The Figel people loved music and made many of their own instruments. One of them was a bamboo zither that, in the hands of someone adept at it, had a charming harp-like sound. One evening, as I listened to a neighbor woman playing her zither, I commented on how lovely it was. She told me that I should hear Ukà play, because she was the best among all the Teduray. Ukà lived several mountain crests away, but, soon after she was informed that I wanted to hear her play, in true Teduray fashion, she hiked to Figel and spent several days with us, performing beautifully every evening.
One night, as she was playing, I asked the fellow next to me why Ukà did not use a name based on that of her oldest child, as adults normally did. He replied that she could not marry or have children, because she was a mentefuwaley libun. I had not heard that phrase before, but it was perfectly clear, and translates as “one-who-became-a-woman.” I said, “Oh, so she is really a man,” and he immediately responded, “No, she is a genuine woman.” I was familiar with the word for “real” or “genuine,” but it confused me here; how did it accord with her havingbecome a woman. Remember that this whole conversation was in Teduray, and there were no pronouns like “he” or “she.” I kept asking in various ways whether Ukà was born a boy or a girl, ultimately posing the trump card question that I assumed would clear up the puzzle: “Look, does she have a penis?” He said, with some disbelief at my inability to see what was patently obvious, “Of course, she has a penis, she is one-who-became-a-woman.
I finally began to comprehend that these people regarded gender in a totally different way than anyone I had ever known. Further conversations about this with numerous men and women taught me that, in the Teduray mind, what made you really male or female was the social role you chose to play — how you dressed, how you wore your hair, what you did all day, everything that expressed the gender you wanted to think of yourself as being. In one such discussion, I was asked whether we had people who decided to be the other sex in America. I said, “Well, we have people who dress like the other gender, and we have men and women who think they should be the other, but, frankly, most Americans tend to think of such folks as bad, and give them a very hard time.” I can still hear his reply, “Why? Why are you people so cruel?”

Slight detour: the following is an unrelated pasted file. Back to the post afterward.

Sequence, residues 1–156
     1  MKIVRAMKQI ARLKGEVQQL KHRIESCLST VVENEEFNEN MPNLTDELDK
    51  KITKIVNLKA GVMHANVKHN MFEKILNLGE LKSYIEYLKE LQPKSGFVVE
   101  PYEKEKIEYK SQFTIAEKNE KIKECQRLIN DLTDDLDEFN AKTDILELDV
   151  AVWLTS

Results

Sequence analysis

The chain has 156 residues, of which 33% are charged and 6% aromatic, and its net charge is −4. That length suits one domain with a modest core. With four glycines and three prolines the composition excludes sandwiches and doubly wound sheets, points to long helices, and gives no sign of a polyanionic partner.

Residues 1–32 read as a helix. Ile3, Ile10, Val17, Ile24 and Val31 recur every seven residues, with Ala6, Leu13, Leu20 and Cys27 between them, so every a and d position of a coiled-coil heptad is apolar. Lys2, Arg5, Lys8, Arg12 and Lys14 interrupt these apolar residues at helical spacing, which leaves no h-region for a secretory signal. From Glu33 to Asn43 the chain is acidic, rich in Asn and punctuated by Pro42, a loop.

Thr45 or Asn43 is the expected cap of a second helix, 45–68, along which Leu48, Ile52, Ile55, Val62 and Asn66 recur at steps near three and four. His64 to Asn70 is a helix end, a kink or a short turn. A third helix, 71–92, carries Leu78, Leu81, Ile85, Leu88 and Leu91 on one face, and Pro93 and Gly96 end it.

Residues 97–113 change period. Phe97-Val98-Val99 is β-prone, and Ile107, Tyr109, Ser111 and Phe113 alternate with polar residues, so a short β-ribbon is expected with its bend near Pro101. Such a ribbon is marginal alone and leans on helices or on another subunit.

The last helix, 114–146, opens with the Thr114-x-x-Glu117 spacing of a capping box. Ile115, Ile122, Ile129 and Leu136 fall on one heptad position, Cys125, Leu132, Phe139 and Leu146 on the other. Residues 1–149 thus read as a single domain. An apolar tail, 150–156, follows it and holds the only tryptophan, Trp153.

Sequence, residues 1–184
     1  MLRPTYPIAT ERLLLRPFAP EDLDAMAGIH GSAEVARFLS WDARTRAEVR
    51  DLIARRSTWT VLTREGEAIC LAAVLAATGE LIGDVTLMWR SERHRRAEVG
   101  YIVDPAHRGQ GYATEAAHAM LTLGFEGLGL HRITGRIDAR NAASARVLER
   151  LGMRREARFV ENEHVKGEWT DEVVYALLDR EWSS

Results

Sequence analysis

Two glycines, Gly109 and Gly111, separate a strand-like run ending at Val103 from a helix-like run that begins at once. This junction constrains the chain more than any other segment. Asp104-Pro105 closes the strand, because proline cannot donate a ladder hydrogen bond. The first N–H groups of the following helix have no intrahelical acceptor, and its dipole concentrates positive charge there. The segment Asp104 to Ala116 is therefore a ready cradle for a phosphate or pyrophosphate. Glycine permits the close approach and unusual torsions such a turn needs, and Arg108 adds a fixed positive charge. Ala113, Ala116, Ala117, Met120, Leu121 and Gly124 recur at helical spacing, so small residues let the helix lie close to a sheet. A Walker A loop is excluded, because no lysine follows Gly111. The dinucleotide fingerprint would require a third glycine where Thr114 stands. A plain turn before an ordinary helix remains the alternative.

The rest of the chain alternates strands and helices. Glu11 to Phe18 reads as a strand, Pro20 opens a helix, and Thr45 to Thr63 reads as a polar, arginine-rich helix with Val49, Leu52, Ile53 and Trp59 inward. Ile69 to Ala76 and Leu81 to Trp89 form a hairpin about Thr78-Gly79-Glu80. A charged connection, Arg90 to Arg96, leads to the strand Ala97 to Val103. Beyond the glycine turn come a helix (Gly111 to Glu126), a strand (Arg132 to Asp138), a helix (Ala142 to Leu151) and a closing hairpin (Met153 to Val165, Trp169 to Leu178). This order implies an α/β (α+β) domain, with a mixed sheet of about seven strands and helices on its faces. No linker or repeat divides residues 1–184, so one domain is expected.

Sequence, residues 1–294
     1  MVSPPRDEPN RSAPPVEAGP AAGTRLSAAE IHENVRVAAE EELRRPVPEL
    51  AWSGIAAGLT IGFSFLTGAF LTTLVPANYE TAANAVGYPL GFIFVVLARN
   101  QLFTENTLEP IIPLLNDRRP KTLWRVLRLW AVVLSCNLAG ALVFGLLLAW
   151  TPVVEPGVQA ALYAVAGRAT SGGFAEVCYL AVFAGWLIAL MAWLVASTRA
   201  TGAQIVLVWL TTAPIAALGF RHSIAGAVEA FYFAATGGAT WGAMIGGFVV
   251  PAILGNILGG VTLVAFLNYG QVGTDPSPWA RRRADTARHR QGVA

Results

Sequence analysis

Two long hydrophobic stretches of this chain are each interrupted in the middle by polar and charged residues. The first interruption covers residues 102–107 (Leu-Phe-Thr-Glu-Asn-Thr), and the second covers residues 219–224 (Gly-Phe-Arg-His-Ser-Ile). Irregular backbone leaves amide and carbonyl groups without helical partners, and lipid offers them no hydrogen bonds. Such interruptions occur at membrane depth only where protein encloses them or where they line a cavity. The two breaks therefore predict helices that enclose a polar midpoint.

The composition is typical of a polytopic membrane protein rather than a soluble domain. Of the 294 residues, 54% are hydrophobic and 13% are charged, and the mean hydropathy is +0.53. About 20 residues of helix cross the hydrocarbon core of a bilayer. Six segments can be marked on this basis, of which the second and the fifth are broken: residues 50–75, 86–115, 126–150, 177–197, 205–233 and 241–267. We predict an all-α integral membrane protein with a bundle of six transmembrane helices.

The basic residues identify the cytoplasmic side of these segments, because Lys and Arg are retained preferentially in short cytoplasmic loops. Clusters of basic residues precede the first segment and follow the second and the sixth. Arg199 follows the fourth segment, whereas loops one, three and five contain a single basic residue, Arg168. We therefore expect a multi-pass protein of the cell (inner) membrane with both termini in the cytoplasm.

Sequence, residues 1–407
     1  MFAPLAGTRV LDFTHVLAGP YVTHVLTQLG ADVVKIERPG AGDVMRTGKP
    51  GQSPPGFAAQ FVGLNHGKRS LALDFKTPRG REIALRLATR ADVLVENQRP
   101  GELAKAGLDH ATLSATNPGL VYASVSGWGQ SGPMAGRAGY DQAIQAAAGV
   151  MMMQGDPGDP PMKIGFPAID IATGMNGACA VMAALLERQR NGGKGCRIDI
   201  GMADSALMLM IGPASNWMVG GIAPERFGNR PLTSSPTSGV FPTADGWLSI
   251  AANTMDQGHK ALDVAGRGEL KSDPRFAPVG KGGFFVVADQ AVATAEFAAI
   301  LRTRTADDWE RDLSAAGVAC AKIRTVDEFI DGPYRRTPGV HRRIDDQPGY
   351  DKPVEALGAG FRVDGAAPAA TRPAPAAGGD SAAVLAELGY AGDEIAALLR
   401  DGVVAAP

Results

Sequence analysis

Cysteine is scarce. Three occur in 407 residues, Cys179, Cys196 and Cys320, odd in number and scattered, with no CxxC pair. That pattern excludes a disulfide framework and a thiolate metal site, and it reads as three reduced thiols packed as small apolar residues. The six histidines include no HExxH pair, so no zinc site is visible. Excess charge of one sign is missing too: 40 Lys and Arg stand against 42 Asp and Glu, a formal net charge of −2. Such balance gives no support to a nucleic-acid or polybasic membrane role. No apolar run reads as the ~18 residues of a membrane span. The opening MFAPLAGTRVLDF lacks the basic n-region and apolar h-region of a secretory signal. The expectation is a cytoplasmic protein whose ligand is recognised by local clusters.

From then on, I knew that this was another area where our different cultures did not merely give us different languages, customs, and ways of settling disputes — they gave us different realities to inhabit.
* * *
Ever since being in Figel, I have thought seriously about the way the Teduray lived together, and I have tried to bring their values to bear on my relations to other people. It has not been an easy or comfortable task, because it has challenged so much of what I internalized in growing up, values I no longer reckoned as inherent in human life everywhere, but based on our particular cultural conventions. This insight launched within me an unsettling desire to fundamentally change how I operated.
I began pondering this many an evening, sitting at my homemade desk in Figel. As impressions and memories of the day's conversations and observations stared up at me from my field notebooks and 3x5 cards, my mind would drift away from the personalities and events recorded there, and fasten on the stark contrasts they were revealing with my own upbringing in a society. I was increasingly coming to agree that much of what we do is no way to live.
I could perceive with new clarity that I had been systematically initiated as a child into a visceral sense of superiority to women and, in later life, gays. That many of the seeds of American gender ranking, coercive power relations, and competition were built into my head and heart when I was a small boy. I recognized how our notions about gender and sex were drenched with assumptions about male dominance. Such “truths” began to appear to me to be patent lies that had been unmasked. Realizing that there could be another way excited me. I reflected on how the penalties for wandering, even slightly, outside of my role had felt more frightening than I could handle, how I had been systematically disconnected from girls and my fellow males. It was dazzling to me that I never saw observed or heard a hint of any Teduray person, young or old, even considering — let alone obsessing about — being a "real man" or a "real woman.”